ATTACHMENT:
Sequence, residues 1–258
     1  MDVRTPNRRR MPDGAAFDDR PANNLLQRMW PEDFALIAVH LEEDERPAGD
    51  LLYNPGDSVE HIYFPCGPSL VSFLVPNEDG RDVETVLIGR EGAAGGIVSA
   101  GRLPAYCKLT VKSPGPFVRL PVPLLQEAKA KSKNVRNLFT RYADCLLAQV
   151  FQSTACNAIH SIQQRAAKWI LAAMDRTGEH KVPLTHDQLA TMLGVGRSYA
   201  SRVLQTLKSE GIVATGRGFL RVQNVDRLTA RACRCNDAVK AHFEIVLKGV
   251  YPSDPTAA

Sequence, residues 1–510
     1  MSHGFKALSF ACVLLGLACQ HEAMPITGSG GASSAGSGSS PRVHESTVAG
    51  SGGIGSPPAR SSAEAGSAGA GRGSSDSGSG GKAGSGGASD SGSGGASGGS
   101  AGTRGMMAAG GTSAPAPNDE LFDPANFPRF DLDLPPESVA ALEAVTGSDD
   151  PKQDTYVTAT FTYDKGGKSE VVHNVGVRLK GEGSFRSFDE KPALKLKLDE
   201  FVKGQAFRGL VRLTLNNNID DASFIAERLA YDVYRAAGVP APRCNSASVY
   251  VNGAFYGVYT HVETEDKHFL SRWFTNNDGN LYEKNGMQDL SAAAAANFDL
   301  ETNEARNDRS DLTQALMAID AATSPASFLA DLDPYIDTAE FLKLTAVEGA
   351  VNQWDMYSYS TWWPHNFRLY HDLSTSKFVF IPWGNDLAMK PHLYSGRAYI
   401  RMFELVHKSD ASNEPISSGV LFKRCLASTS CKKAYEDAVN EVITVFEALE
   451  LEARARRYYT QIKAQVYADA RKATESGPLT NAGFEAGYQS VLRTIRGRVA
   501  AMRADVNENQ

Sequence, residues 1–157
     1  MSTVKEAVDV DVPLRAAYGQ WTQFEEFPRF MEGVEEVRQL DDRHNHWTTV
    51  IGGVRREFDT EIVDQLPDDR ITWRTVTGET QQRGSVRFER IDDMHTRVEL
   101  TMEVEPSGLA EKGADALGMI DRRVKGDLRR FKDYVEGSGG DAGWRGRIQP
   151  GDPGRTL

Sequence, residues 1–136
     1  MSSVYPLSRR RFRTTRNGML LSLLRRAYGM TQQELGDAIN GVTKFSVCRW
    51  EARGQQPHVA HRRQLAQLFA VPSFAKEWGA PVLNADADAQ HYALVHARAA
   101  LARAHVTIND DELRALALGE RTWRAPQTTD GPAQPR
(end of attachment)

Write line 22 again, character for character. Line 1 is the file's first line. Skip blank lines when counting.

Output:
    51  IGGVRREFDT EIVDQLPDDR ITWRTVTGET QQRGSVRFER IDDMHTRVEL